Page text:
Google Maps will become your best friend while trying to navigate Tokyo’s subway trains. You can click on any subway station to see a full timetable of the next trains which will depart from that station. Plus, clicking on each train will show you all of the upcoming stops. This is extremely helpful when you’re a bit lost and confused (which will inevitably happen – let’s face it)!
We should have had 3.5 – 4 days to spend in Tokyo, but our connecting flight was delayed meaning we spent a day sitting in Beijing Airport rather than exploring…
In the end, this ended up being great for us. It meant we arrived in Tokyo at night (I always find that arriving at a destination when it’s dark is exciting. You catch a few sneaky glimpses of your new surroundings and the excitement for the next day increases!) and we were exhausted, so went to sleep immediately and suffered almost no jet-lag. If we had arrived during the day and then tried to explore immediately, we definitely would have crashed and burned from exhaustion!
So that you can get a full 3 days of exploring, try to arrive the night before, so you are well rested for a jam-packed 3 days!
We had racked up a huge number of Hilton Honours points via Callum’s work, so we decided to treat ourselves to a stay at the Tokyo Hilton. We were extremely spoilt by this hotel! Hotel rooms in Tokyo are usually extremely small but our booking was upgraded to a huuuuuge suite which was far bigger than we’d ever need (although a real treat).
We spent our evening reading blog posts on the best things to do in Japan (obviously, none are as good as this one!), planning the 3 days up ahead and squealing/laughing as we pressed every button on the fancy Japanese toilet.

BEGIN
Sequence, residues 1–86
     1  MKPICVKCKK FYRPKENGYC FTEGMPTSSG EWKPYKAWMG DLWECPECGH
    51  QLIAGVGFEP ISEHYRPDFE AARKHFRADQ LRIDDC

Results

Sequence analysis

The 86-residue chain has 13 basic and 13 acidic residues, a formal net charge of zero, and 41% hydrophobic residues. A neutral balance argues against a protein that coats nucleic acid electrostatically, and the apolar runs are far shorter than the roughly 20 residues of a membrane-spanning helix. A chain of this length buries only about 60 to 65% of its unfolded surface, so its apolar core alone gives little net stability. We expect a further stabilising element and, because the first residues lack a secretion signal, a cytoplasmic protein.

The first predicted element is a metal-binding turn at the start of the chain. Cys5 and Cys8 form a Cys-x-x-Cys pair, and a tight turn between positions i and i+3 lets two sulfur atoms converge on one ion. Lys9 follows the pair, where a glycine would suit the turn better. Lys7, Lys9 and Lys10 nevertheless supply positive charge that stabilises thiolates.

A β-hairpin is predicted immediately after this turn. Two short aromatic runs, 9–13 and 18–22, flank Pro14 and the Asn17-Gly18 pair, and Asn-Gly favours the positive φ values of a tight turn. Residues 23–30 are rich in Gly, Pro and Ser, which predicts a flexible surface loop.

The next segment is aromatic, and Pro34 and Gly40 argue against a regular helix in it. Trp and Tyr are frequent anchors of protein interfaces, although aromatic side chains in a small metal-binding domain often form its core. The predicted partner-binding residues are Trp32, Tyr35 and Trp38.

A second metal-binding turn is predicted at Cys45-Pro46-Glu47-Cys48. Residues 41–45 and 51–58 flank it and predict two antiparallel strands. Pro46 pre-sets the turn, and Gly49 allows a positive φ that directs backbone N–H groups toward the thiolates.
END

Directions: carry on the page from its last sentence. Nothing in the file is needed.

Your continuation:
As we travelled to Japan during the 2019 Rugby World Cup, Tokyo was extremely busy and we weren’t able to stay at Tokyo Hilton for the entirety of our stay. We later moved to the Rose Garden Hotel which was clean and safe but the room definitely lacked the space of that of the Hilton!
Both hotels are conveniently located in Shinjuku, just a short walk from many attractions and the well-connected Shinkuju train station.
Let’s start this itinerary off with potentially my favourite area of Tokyo. When you’re extremely jet-lagged, there’s nothing better than sugar-filled treats to give you some energy. It also helps when said treats are extremely cute (or kawaii, in Japanese terms).
We settled on the famous HUGE rainbow candy floss from Totti Candy Factory and two adorable animal-shaped ice creams from Eiswelt Gelato.
Aside from street food, Takeshita St is filled with plenty of other shops and activities to keep you busy. From Daiso Dreams (a 100 JPY shop filled with goodies) to tonnes of independent shops/stalls (a large number of which sold socks?!), there’s no end of things you can buy.